| By Kimberly Hayes |
If you’re a college student, there’s a good chance you’ve experienced mental health challenges at one point or another. In fact, one in five college students lives with a mental health condition, and more than half report feeling hopeless at least once in the past year.1
It’s not hard to see why mental health problems are on the rise for college students:2 Between demanding course loads, extracurriculars, and off-campus jobs, they don’t have a lot of spare time on their hands. And when they do, there’s pressure to make the most of the college experience by socializing with their peers. As a result, basic practices like sleep drop to the bottom of the priority list, and as a result, their mental well-being suffers.
If this all sounds familiar to you, it’s time to make a change. While they won’t make college a stress-free experience, these tips will help college students balance their self-care needs with busy schedules and limited budgets:
Take Advantage of On-Campus Resources
College students don’t have to face mental health challenges alone. Seven out of 10 university presidents have allocated more funds to student mental health in recent years, expanding programs such as free mental health screenings, on-campus counseling, and web-based self-help resources.3 Students can also take advantage of peer support programs like Active Minds, a student-to-student outreach organization. If you’re ever unsure of the best place to get free or low-cost mental health support on campus, reach out to your university’s Office of Student Life or Counseling and Psychological Services center.
Live an Active Lifestyle
Most universities also include access to on-campus fitness centers in tuition and fees. Since they’re already paying for it, it behooves college students to take advantage of this valuable resource. Not only does an active lifestyle support good mental health, but many campus fitness centers include free classes in yoga, meditation, and other mind-body practices. On days you can’t find time to hit the gym, find other ways to move your body, like an under-desk elliptical that lets you get exercise and burn stress during long hours at the computer. With options as low as $40, these gadgets are surprisingly affordable even on a student’s budget.
Get Enough Sleep
Skipping sleep is the biggest way college students sabotage their mental health. Every night a they get insufficient sleep, they increase their risk of a depressed mood by 21 percent, anxiety by 25 percent, and suicidal ideation by 28 percent.4 In addition to getting at least seven hours of sleep per night,5 they should pay attention to the quality of their rest. College students should avoid caffeine late in the day and abstain from alcohol one to two hours before bedtime.6 While living in dorms they may not be able to do much about an uncomfortable mattress or noisy roommate, they can buy inexpensive items to make their room more conducive to quality sleep. A mattress topper, sleep mask, and white noise machine can make a big difference without costing a lot, especially when students turn to affordable outlets like Amazon and search for savings to apply to their purchase.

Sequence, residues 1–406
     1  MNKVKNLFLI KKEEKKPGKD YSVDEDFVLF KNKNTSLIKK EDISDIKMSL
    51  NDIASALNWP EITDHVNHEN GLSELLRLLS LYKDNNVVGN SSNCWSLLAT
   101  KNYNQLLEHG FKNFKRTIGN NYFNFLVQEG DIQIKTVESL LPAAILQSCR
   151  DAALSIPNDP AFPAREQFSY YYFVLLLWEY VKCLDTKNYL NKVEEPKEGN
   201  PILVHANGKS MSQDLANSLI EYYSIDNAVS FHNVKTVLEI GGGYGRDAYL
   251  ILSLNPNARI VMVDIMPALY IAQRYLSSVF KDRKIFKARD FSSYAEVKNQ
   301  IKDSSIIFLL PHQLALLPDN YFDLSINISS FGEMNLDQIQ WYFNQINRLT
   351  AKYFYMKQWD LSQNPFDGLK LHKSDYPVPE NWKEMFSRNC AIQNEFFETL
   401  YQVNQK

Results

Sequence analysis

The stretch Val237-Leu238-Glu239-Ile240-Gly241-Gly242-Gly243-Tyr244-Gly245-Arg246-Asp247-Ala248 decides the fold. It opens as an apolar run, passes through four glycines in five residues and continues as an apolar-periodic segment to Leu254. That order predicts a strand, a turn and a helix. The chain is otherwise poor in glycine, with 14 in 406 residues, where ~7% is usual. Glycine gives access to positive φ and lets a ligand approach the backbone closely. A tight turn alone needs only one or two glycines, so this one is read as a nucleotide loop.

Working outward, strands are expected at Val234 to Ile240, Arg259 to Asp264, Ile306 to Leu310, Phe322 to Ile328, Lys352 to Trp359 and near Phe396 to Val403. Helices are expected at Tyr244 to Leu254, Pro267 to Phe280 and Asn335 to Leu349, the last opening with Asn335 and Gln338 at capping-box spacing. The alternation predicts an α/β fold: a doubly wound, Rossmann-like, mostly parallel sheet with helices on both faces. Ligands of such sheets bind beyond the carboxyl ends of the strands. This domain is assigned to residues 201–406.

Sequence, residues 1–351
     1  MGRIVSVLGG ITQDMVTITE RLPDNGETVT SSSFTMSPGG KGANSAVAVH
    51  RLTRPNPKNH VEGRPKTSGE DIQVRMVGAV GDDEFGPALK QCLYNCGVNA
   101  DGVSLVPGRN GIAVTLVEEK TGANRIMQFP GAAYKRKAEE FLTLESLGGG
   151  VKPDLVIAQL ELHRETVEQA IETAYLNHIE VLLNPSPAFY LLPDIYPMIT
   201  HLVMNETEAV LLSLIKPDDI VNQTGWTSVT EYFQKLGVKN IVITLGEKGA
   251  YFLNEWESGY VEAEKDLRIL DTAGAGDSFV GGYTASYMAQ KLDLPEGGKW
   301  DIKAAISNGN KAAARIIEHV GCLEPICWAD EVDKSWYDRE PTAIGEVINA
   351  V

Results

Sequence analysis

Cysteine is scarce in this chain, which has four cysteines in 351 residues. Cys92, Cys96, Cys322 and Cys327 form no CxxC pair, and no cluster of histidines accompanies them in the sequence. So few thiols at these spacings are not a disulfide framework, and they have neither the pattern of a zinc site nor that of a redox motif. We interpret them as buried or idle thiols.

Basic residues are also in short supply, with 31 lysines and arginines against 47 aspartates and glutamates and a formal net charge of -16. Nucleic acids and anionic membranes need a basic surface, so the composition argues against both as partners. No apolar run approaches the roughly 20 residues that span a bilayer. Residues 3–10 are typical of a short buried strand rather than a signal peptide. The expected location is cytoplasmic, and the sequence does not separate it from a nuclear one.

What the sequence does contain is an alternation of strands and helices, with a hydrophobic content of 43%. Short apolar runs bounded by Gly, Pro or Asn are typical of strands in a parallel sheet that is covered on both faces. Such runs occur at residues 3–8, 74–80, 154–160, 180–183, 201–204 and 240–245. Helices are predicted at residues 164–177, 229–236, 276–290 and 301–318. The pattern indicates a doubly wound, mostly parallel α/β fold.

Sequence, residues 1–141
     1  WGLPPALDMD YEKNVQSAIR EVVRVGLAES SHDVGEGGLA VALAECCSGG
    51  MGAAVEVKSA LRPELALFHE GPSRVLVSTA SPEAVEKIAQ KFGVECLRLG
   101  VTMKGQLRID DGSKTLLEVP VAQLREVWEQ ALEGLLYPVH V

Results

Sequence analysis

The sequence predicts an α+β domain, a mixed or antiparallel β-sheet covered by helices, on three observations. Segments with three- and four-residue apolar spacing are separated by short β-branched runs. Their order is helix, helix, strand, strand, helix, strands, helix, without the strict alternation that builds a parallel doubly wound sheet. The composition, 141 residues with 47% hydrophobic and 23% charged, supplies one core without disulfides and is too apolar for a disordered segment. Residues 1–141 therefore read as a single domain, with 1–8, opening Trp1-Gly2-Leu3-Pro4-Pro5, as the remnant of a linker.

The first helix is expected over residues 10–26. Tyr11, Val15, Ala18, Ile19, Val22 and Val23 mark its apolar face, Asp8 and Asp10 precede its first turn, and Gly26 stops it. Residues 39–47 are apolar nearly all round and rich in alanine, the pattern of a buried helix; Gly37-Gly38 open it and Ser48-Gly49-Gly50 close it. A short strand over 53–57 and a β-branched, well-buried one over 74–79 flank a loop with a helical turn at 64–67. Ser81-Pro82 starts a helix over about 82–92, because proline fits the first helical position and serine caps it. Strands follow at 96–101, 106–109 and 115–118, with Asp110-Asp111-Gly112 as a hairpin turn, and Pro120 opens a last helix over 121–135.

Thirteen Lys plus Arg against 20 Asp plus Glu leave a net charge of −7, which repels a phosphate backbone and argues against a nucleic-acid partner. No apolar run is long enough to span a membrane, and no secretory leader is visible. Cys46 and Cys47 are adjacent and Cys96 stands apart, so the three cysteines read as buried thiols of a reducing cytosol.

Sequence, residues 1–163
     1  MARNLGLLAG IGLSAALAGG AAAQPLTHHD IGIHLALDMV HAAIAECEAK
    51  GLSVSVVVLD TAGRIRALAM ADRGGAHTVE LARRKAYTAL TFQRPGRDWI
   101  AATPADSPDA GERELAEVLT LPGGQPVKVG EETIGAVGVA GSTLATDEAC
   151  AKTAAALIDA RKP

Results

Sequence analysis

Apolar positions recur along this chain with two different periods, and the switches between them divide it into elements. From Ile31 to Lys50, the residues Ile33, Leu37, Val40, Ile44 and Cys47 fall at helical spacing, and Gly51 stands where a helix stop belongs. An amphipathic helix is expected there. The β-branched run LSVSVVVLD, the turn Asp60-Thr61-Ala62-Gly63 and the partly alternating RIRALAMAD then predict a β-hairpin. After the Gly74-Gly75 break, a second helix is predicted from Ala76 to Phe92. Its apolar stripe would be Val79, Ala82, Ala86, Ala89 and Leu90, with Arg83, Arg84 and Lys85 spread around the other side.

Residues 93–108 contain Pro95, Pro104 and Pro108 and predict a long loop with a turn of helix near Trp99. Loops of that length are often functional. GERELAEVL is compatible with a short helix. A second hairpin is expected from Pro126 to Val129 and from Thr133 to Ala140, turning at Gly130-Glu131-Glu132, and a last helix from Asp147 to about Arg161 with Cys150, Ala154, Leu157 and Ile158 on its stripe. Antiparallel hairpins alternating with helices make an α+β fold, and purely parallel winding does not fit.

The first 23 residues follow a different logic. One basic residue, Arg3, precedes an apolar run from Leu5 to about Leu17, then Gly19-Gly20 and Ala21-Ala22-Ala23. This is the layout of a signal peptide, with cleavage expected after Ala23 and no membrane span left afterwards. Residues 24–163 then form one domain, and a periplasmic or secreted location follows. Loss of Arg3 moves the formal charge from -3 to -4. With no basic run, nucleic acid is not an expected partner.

Build Healthy Relationships
Not all friendships are created equal. Friends who encourage risky behaviors or do and say things that harm a student’s self-esteem may make mental health worse, not better. Rather than forming friendships based on convenience or proximity, college students should seek out friends who share their values and support them during difficult times. On-campus groups and events are a great place to meet like-minded friends, but busy students can also turn to apps like Bumble BFF and Meetup. Not only do these apps help you meet new people, but by letting you mingle without hitting the bar scene, they’re also a great way to get social on a budget.
College is supposed to be one of the best times of your life, but sometimes the pressure to succeed academically and socially gets to be too much. When stress starts getting to you, step back and ask yourself if you’re making space for your own needs. While it can seem impossible to find the time and money for self-care in college, there are affordable resources available to help students stay well even on their limited budgets.
- “META Launches Mental Health App for College Students,” Mental Health Weekly Digest, October 14, 2019; “Just the Facts! 10 Concerning Mental Health Stats About College Students,” Innovation Educators, July 17, 2019.
- “National Survey Reveals College-Student Mental Health Diagnosis Increase,” Mental Health Weekly, November 12, 2018.
- “College Student Mental Health and Well-Being: A Survey of Presidents,” Higher Education Today blog, August 12, 2019.
- “Insufficient Sleep Linked to Mental Health in College Students and Athletes,” American Academy of Sleep Medicine, June 7, 2019.
- “How to Get Your College Years Off to a Healthy Start,” Consumer Health News, August 23, 2019.
- “The Truth About Alcohol and Sleep,” The Sleep Doctor, November 2017.
For More Resources:
“Working College Students,” Inside Higher Ed.
Active Minds chapter network
“The Best Under Desk Ellipticals (2020 Reviews),” Smart Healthy Living.
“Best White Noise Machine,” Amazon.
“5 Friendship Apps That Don’t Feel Awkward AF,” Her Campus.
“Amazon Coupons, Promo Codes & Cash Back,” Rakuten.
Meet the Author
Kimberly Hayes enjoys writing about health and wellness and created Public Health Alert to help keep the public informed about the latest developments in popular health issues and concerns.